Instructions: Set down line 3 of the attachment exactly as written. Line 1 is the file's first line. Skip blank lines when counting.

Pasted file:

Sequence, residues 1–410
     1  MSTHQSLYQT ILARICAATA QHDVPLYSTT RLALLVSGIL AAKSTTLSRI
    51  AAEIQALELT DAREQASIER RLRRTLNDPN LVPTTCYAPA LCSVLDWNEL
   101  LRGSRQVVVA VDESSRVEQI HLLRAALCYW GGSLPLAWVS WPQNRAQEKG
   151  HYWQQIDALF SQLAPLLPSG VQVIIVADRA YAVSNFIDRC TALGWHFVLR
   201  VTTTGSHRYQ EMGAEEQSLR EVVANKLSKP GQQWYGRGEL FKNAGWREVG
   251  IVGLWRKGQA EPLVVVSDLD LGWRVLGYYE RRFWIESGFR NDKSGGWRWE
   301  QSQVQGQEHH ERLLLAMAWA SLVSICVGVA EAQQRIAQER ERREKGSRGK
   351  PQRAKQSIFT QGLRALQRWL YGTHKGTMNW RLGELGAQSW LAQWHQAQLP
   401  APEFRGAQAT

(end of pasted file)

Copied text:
    51  AAEIQALELT DAREQASIER RLRRTLNDPN LVPTTCYAPA LCSVLDWNEL